The D750 stayed on the market too long. Nikon has had this problem before, particularly with the D300. What happens when you don't produce an 18-month, two-year, three-year, or even four-year update of significance is that your customers start reading that the product is no longer relevant and that you've shifted your product focus in some way. So the customer buys a different product instead of continuing to wait.

In the D750's case, the three cameras that were bought the most by those D750 customers that were jilted at the development altar were Sony A7's, Nikon D850's, and yes, the Nikon Z6. 

The first of those migration targets answers the question of why the Z6 before the D780: Sony was stealing Nikon customers. In particular, Sony was stealing full frame customers paying top dollar for products, a customer Nikon had been targeting since the D3/D700 and had made inroads against Canon with.  

Despite what everyone—cough, Sony Fans—say about Z6 sales, my impression from the data I have at hand is that the Z6/Z7 did put very strong fingers in the dike. 

That wasn't without some problems, though. Realistically, the early Z6/Z7 firmware was missing one of the features that was compelling the leaks to Sony in the first place: near automatic focusing, particular with people in the scene. 

While I write about accuracy, speed, and precision of focus systems, most of the people buying cameras just want "better" autofocus than they've been achieving with their older cameras. You won't believe how many people tell me "my mirrorless camera focuses perfectly and doesn't need AF Fine Tune," but when I look at their images, their focus plane is not where it should be. Thing is, it's in a better place than it was with their previous camera, so they're happy. Very happy. Meanwhile, Nikon originally delivered a mirrorless system that took study and learning to make it match or better what the Sonys were doing, and the YouTubers amplified the negative aspects of that big time. 

So there's no perfect answer here. With the extra two years and two years of experience on the D780 using PD on sensor for Live View, Nikon could have flushed out all the wrinkles with the Z6 focus system before launch and had something regarded as basically equivalent to an A7 m3 as they launched the 2020 Z6. But they also would have had a big, heavy DSLR trying to hold serve against a smaller, svelte mirrorless camera for two years. 

I've said before that Nikon's failing is almost never engineering. They design cameras well, no questions about it (though I don't like my cheese moving as much as it does). Their R&D is keeping up with or exceeding their competitors.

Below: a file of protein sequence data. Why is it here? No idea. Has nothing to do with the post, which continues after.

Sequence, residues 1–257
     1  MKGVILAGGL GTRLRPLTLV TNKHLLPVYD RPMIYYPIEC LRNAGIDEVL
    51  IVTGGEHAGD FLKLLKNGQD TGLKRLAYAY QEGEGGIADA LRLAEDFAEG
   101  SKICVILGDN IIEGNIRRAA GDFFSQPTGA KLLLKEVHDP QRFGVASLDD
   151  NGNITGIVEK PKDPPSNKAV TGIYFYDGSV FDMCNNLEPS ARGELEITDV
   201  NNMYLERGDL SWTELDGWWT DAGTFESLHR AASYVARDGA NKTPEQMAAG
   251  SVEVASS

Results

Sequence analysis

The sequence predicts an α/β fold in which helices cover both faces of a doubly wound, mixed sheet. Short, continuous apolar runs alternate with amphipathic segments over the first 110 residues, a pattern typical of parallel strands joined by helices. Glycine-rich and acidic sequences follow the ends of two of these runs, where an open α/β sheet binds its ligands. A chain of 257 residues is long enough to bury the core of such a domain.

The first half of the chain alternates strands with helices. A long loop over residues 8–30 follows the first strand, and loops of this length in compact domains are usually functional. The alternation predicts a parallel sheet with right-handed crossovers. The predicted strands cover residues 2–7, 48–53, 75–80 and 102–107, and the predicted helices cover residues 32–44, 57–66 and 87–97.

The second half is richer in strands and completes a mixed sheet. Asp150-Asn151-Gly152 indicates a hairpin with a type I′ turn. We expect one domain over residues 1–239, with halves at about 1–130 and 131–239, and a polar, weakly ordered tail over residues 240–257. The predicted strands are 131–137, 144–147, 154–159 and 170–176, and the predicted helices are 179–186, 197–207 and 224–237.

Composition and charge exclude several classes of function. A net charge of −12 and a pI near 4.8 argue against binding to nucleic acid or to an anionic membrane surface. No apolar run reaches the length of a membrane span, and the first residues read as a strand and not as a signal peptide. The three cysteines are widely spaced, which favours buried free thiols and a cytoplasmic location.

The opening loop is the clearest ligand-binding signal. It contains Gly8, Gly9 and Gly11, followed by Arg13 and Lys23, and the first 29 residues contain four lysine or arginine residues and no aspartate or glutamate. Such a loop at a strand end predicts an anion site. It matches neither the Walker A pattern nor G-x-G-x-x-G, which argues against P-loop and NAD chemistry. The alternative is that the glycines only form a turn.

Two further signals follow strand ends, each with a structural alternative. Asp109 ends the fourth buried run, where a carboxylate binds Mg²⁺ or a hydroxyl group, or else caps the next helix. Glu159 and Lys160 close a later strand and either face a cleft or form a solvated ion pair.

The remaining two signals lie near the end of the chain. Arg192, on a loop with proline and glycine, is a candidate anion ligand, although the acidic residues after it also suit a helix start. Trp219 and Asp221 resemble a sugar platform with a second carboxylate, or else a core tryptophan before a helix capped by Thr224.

What Nikon struggles with, and it's a big time struggle, is marketing. Thus, whether the Z6 or the D780 launched first, the issue was always going to be how well they could tell the story of why you needed/wanted said new camera. Had it been the D780 first, it would have been trying to market bigger, heavier DSLRs against smaller, lighter mirrorless. In post mortem, we know that the marketing problem for the Z6 was that the can-it-focus story got out of control from nearly day one. So I'd guess that Nikon would have had just as much problem launching the D780 first as they did the Z6, and the problem wouldn't have been an engineering or specification one. Marketing is about controlling messaging. Nikon's just not very good at that.

I do believe there's a product management failure (design) in all this, though. The D780 is basically a bells-and-whistles camera. It's pretty much everything Nikon knows how to do at that product level. The feature set is extensive and the performance is high. The Z6? Well, you know what I'm going to write: it's not the equivalent. For some reason Nikon thinks that they need two 24mp full frame cameras that are specified differently in the feature set, but not really in performance. If they really need that difference, then they aren't managing to get the marketing message across to users as to why that was necessary. 

I still believe that the right thing to do was to make the very best last DSLRs you could—call those the D580, D780, D880, and D6, though I personally would have skipped the D780—and make the very best mirrorless cameras you could—a Z70, Z6, Z7 and Z9—and let them determine how fast the transition to mirrorless goes based upon sales. In that way, no customer can complain: you're giving them everything you've got and letting them make the camera style choice they prefer. You still keep them as your customer ;~). Moreover, the duplication of R&D and parts means that you're being fairly efficient about the cost side of things while offering such a choice.

Since this is the D780 blog, let me bring things back to it. Like the D850 before it, Nikon seems to have put together a really well-rounded camera. Had there been no such thing as mirrorless, we'd be having serious conversations about just how good DSLRs have gotten.